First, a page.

Number of U.S. Needle-Exchange Programs Declining But Number of Syringes Exchanged Increasing, Survey Shows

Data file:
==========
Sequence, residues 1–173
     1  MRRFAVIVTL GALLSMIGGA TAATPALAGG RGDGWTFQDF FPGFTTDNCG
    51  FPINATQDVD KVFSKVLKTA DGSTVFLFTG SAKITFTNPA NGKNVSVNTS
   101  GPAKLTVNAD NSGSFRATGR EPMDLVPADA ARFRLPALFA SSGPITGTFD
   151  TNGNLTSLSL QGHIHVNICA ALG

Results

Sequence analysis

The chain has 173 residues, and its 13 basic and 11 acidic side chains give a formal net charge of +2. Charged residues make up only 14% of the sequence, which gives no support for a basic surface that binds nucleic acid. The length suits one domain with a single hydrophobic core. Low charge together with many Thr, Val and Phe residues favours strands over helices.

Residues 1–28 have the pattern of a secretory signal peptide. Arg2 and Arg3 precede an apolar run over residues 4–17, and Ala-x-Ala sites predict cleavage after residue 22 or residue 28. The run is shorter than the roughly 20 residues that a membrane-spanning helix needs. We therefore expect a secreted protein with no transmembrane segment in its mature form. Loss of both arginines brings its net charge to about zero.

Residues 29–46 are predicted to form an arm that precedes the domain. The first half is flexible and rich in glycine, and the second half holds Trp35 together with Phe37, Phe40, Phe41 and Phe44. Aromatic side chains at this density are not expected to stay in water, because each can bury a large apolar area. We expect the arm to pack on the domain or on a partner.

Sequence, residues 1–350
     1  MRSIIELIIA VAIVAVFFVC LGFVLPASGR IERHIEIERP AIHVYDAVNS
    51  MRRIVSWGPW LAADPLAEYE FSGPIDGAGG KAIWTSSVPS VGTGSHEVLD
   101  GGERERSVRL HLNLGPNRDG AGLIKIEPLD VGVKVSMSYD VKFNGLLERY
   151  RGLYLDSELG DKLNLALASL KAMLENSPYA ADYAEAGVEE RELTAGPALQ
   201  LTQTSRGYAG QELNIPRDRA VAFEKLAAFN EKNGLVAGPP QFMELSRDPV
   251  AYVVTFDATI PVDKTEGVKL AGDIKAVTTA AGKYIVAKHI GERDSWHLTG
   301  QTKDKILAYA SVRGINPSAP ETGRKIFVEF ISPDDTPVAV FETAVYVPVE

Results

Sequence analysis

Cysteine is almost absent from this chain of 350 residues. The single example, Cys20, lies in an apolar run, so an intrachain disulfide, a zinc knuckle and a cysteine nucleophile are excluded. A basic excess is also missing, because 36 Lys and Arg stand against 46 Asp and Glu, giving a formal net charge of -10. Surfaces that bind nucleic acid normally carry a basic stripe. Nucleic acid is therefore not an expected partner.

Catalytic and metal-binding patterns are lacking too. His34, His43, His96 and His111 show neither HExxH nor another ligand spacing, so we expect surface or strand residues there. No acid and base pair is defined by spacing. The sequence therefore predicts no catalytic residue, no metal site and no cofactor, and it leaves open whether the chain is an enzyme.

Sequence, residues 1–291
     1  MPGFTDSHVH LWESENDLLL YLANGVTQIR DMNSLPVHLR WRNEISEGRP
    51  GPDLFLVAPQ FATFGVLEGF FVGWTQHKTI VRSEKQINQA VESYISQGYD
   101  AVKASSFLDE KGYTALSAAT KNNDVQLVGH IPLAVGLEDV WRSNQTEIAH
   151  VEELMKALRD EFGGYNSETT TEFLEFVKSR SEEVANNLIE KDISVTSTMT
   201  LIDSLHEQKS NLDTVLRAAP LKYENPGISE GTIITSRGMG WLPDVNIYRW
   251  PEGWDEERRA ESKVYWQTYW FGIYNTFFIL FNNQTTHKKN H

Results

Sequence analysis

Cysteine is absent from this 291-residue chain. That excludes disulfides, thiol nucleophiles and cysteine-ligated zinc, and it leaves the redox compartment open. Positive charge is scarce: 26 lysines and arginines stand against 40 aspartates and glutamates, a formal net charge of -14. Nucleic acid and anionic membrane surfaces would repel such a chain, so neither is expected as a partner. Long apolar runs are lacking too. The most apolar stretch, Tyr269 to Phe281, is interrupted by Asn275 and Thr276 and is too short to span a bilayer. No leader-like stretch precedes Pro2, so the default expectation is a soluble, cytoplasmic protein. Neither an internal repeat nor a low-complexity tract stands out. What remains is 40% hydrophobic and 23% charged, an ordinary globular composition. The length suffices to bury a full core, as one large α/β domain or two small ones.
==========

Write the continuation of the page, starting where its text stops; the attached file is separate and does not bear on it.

The number of needle-exchange programs in the U.S. is declining, but the number of syringes being exchanged is increasing, according to a survey published Thursday in the July 15 issue of CDC's Morbidity and Mortality Weekly Report, Reuters reports (Simao, Reuters, 7/14). C. A. McKnight and colleagues at the Beth Israel Deaconess Medical Center in Boston in 2003 surveyed 148 needle-exchange programs identified through the North American Syringe Exchange Network. The researchers determined that the number of exchange programs in the U.S. decreased from 154 in 2000 to 148 in 2002, and the number of states and territories with such programs declined from 35 to 32 during that time. In addition, public funding for the programs decreased 18% over that time (Reuters Health, 7/14). However, the number of used syringes exchanged for clean ones at clinics, mobile vans and other sites increased from 22.6 million in 2000 to 24.9 million in 2002, according to the survey. Researcher Don Des Jarlais said the findings emphasize the ongoing importance of needle-exchange programs in preventing new HIV infections and providing HIV testing and drug treatment referrals (Reuters, 7/14). Needle-exchange programs "provide health and social services to [injection drug users] who might not otherwise be reached," the researchers write in the report, concluding, "Continued monitoring of [the programs] in the United States is necessary to evaluate the long-term effects of this public health intervention" (MMWR, 7/15).This is part of the KHN Morning Briefing, a summary of health policy coverage from major news organizations. Sign up for an email subscription.